Ways to Help Children with Down Syndrome Overcome the Struggles of Articulation
Helping children with Down syndrome break down the struggles of articulation involves understanding the unique challenges they may face when developing speech.
Children learn to articulate speech by hearing sounds in synchronization with seeing how they are produced. Parents of babies frequently position their faces near their child’s face when speaking, which gives their child a clear view of the shapes they are making with their mouths. This provides children with many opportunities to witness the shape a mouth makes when articulating different speech sounds and increases the likelihood of vocal imitation.
Down syndrome is often accompanied by poor eyesight and hearing difficulties. For children where this is the case, these characteristics make it difficult for them to see the shapes of their parents’ mouths and hear speech sounds with accuracy. Children who have trouble processing sounds and visuals are likely to have a harder time articulating sounds correctly when it is their turn to speak.
A common physical characteristic of Down syndrome is a difference in the shape of the roof of the mouth. When this trait is present at the same time as visual and hearing difficulties, learning to articulate can take a lot of extra practice and hard work. Here are some ways you can help your child with Down syndrome break down the challenges of articulation.
Make sure your child can see your mouth when you speak
Teach your child the relationship between the sounds you make and the shape of your mouth by making sure your child can see your mouth clearly when you are talking. From the very beginning of childhood, position your mouth close to your child’s face as frequently as you can during speech.
Model clear articulation and enunciation
When modeling speech for a child with Down syndrome, make sure you articulate each sound in the word slowly and clearly. Exaggerate enunciation to highlight the differences in the shapes your mouth makes to produce different blends and phonemes.
Use video to model articulation
Slowing down your speech every time you are around your child can be unnatural and taxing. You can give yourself a break from modeling repetitive speech by using a video modeling tool to play closeups of articulation for different words on a television, tablet, phone, or computer.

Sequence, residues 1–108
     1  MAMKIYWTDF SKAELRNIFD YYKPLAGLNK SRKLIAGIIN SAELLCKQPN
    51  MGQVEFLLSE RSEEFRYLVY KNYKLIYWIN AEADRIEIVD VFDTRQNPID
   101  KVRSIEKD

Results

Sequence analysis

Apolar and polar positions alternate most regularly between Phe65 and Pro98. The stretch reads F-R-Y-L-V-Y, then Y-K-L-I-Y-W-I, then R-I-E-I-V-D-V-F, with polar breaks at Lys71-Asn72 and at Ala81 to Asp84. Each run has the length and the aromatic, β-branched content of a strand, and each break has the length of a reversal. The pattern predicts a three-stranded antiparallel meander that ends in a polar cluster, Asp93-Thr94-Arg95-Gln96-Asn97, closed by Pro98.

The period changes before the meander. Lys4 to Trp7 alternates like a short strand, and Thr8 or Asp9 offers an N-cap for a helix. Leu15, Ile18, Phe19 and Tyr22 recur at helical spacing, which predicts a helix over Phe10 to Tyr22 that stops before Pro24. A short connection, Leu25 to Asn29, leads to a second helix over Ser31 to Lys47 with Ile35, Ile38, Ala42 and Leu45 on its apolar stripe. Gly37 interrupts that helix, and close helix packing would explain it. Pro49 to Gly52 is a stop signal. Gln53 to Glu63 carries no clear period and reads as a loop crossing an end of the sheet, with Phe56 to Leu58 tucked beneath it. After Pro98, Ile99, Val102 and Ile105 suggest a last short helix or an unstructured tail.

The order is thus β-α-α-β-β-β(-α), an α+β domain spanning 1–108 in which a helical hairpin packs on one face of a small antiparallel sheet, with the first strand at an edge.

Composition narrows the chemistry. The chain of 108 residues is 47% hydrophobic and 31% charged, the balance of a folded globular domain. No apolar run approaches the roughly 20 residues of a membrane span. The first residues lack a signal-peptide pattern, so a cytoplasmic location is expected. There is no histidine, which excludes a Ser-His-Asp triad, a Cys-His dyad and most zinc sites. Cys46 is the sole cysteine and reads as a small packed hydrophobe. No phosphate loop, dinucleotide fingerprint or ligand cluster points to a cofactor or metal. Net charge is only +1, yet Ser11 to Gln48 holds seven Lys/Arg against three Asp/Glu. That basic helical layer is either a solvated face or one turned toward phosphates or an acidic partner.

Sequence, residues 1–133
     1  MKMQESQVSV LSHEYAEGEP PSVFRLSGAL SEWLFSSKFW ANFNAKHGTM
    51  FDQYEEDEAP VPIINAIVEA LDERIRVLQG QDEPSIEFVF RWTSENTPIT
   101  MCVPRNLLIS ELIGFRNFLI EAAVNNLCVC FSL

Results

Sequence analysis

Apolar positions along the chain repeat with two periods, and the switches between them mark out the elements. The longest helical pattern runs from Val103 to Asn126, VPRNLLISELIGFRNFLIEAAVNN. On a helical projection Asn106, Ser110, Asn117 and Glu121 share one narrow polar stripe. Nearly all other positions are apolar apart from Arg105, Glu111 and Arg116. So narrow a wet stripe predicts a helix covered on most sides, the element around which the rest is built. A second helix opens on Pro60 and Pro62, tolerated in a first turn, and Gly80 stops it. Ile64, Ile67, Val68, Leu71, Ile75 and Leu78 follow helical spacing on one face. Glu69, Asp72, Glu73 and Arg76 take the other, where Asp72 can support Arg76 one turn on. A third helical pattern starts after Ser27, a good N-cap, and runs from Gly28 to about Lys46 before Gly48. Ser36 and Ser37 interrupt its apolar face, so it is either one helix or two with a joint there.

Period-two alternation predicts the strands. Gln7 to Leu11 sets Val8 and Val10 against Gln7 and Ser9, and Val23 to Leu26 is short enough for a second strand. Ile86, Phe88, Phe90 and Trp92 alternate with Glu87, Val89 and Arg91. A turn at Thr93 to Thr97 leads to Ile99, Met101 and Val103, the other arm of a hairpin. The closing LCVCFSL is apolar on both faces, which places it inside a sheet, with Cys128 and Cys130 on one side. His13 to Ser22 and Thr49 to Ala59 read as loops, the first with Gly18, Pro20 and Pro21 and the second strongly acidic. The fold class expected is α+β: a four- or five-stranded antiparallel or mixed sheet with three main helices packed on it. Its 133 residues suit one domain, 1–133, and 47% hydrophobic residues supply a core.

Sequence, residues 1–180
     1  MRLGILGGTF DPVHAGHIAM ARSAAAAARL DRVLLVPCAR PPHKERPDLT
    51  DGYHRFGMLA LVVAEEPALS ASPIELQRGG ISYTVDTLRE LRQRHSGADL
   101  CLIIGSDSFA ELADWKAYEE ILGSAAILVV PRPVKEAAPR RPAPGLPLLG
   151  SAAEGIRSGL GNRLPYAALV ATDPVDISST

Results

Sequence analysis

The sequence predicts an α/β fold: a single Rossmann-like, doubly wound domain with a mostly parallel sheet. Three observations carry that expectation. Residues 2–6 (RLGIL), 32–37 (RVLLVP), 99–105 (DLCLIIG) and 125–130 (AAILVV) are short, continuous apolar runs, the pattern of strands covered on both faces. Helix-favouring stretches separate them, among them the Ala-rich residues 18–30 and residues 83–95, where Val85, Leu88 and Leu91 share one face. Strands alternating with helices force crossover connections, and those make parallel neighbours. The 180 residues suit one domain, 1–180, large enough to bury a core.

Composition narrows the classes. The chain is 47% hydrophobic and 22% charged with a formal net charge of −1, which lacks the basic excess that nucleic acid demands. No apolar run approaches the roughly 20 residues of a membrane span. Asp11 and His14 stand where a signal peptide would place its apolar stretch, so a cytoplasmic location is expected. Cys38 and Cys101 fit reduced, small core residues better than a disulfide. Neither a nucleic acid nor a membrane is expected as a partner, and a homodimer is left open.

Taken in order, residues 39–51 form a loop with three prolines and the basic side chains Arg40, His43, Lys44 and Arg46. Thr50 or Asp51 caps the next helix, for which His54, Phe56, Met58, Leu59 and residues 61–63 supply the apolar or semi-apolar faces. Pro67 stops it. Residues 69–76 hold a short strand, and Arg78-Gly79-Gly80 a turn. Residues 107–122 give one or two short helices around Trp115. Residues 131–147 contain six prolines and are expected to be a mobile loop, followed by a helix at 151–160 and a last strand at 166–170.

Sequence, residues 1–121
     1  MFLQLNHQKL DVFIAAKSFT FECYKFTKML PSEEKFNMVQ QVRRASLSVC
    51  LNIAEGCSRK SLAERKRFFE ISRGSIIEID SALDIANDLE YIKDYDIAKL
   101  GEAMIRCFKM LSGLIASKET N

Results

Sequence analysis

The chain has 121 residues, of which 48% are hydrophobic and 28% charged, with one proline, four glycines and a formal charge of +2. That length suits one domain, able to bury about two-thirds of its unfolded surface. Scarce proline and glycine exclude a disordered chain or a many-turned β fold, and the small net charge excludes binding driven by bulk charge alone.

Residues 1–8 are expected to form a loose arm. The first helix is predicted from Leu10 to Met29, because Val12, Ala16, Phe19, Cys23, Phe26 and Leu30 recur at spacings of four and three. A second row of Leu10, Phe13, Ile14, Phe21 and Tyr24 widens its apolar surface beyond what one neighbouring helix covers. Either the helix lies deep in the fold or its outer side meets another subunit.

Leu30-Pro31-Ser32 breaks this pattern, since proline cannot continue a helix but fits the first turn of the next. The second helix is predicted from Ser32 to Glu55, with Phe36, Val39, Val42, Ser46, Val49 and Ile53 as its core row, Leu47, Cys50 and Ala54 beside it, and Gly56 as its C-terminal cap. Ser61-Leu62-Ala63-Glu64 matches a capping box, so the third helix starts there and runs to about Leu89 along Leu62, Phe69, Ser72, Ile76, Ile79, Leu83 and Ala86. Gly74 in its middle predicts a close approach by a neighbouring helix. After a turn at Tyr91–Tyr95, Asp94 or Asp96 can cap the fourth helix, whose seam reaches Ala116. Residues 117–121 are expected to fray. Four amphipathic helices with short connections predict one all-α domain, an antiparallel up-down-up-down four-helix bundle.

When the mouth your child is watching is as big as your television, poor eyesight is not such a big deal. Children with visual impairments who have access to video recordings of closeups of mouths producing speech are more likely to imitate the nuanced shapes made by the mouth during articulation.
Increase the intensity of articulation modeling
Khoisan languages spoken in parts of Africa use clicking sounds not heard in English. An English speaker learning to pronounce these sounds would need to see examples over and over again before he or she would be able to produce these sounds in a natural way.
It would take months of repeatedly watching native Khoisan language speakers pronounce these sounds before an English speaker would be able to speak the language in a way that would sound correct to someone who is fluent.
This is true for anyone who is learning to make new sounds. You might imagine that someone with Down syndrome who doesn’t hear very well and doesn’t see very well is going to need a lot more repetition than someone with good eyesight, good hearing, and a typical mouth shape.
Children with Down syndrome will have more success articulating correctly if speech is modeled for them repeatedly throughout the day. Using video recordings to teach articulation can make it easier for you to model articulation for your child frequently every day.
Make articulation practice engaging
It can be boring to watch repetitions of the same sounds over and over. If you are using video modeling, keep your child engaged by breaking up viewing sessions with silly videos of animals, animations, or children playing games together.
Video modeling breaks down the challenge of articulation
Children with Down syndrome have a capacity for language far beyond what they are typically given credit for. If your child struggles with articulation, he or she may not have far to go before his or her speech can be understood by everyone. The amount of improvement it takes to get over that tipping point can be very small, and video modeling can be the right amount of extra boost for kids with Down Syndrome.
The ability to communicate with the world is invaluable and will make such a difference over the course of your child’s life. Video modeling is a great way for children to access articulation practice in modalities that allow them to show us how amazing they are.
Laura Kasbar is the CEO and Founder of Gemiini Systems, a web-based platform that delivers the unique therapy method called Discrete Video Modeling that she developed for those with language learning differences. Discrete Video Modeling has been proven to be effective in research published by professors from 5 universities. Through Gemiini, Discrete Video Modeling holds the key to the global therapy crisis. Gemiini is the only truly scalable, is effective and affordable solution to this ever-increasing population of people touched by autism and other language issues. Although Gemiini can be used as a stand-alone therapy if there is no other option, it is even more powerful combined with live therapy and overseen by a trained professional.